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Early Trading Rights

Source: McDonald and Small, Northern Studies, 30, 1-18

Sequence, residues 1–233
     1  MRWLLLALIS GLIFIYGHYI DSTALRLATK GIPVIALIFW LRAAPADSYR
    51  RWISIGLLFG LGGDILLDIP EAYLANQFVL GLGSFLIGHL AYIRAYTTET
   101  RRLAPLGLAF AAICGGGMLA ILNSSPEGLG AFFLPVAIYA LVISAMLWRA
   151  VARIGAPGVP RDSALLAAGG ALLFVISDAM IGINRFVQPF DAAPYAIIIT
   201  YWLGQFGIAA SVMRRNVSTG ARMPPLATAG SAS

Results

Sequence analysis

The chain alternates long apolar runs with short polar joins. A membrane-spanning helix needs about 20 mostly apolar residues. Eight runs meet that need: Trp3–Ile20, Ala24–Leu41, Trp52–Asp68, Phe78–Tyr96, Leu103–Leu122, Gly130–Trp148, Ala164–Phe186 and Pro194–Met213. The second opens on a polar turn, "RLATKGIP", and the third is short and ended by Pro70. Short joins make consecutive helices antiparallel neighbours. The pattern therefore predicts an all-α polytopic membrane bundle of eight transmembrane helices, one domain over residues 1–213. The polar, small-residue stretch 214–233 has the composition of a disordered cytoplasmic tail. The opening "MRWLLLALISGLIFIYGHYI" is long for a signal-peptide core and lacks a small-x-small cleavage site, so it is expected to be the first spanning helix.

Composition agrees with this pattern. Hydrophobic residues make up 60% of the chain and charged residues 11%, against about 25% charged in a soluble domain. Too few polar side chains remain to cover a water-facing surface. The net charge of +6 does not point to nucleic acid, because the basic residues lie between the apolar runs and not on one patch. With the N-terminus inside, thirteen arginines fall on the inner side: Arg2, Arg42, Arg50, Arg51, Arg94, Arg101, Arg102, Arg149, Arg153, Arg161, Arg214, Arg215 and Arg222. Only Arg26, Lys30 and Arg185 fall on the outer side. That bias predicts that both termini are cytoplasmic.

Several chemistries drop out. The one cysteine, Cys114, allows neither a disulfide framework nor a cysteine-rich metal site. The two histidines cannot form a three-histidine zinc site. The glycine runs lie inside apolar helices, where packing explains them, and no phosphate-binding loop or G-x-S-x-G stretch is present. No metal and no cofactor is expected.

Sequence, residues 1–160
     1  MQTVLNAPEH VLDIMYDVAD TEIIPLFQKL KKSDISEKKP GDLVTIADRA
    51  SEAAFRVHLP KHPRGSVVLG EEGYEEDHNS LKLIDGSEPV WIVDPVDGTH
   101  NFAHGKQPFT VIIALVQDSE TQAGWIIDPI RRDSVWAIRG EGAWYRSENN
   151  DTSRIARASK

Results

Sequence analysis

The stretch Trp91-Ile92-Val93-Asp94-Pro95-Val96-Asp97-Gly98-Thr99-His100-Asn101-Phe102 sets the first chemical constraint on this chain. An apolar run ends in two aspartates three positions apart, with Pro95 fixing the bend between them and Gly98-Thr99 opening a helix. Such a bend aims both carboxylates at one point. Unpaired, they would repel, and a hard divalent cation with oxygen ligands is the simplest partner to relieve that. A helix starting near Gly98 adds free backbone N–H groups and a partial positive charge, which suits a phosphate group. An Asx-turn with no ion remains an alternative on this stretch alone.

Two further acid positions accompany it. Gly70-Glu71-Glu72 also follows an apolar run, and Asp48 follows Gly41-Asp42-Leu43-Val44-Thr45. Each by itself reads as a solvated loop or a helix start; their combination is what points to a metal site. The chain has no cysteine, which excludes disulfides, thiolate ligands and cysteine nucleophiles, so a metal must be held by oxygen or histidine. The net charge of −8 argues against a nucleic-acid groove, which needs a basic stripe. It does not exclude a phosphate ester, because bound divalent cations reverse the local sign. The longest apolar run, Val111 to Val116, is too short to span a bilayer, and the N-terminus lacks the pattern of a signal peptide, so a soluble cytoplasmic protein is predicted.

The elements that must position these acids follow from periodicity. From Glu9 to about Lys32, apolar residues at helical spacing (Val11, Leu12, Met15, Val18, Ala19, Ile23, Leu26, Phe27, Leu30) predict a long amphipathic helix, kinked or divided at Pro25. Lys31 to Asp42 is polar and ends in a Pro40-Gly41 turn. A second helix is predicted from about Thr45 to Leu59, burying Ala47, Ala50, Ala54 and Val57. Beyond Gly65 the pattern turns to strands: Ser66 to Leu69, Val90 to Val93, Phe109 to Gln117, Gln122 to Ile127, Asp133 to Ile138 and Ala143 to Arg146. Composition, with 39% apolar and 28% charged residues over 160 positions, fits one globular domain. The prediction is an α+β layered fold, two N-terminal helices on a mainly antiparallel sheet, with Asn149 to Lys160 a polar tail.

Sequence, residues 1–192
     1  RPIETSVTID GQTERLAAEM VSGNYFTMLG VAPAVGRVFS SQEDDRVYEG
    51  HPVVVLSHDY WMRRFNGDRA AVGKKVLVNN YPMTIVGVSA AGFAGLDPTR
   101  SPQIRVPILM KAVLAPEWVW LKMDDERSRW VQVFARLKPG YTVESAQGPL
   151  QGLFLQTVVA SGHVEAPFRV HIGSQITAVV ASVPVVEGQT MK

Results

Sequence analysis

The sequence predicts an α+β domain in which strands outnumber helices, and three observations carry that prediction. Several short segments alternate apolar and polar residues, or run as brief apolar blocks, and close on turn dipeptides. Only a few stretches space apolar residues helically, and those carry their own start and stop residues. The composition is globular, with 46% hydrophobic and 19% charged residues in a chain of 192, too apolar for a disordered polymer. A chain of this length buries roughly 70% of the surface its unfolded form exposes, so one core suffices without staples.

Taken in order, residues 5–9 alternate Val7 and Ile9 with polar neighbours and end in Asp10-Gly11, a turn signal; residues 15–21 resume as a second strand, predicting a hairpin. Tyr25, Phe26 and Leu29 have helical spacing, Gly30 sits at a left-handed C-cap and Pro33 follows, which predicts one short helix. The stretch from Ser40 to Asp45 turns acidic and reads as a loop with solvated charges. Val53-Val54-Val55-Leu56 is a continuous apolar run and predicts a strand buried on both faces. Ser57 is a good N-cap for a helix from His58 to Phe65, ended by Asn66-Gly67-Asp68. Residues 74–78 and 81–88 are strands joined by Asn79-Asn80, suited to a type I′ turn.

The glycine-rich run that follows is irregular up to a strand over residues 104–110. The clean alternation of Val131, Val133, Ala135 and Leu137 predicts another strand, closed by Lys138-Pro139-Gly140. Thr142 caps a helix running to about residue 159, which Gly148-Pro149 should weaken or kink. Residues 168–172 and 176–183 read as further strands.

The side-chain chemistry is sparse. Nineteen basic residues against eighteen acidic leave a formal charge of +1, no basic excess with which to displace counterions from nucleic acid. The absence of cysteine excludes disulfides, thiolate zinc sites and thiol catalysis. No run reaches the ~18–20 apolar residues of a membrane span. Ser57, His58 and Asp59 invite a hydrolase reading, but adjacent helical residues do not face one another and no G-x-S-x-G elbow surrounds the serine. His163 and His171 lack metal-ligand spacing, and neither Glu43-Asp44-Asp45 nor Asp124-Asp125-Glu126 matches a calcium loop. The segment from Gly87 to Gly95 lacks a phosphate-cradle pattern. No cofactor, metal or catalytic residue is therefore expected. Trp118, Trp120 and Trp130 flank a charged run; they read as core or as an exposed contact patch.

Dundee burgesses were given the right to trade free of toll and custom in all English ports, except London, in 1199. In addition to export from its immediate hinterland, Dundee's importance as a port increased due to the religious houses of the area. A charter of King John of England in 1207, giving Arbroath Abbey similar trading rights to Dundee, grants the King's protection to merchants and ships of Dundee and Perth as the main carriers of the Abbey's goods. This may have been as a result of the difficulties in finding a safe anchorage in Arbroath where boats had to cross a rocky platform into the mouth of the Brothock burn. Trade from the Cistercian abbey in Coupar Angus, by the 13th century one of the richest in Scotland, also went through Dundee. Trade from the two religious houses south of the Tay, the Tironensian house at Lindores and the Cistercian at Balmerino may also have come through Dundee. The burgh was known internationally as it featured, correctly located, on Mathew of Paris's mid thirteenth century map.

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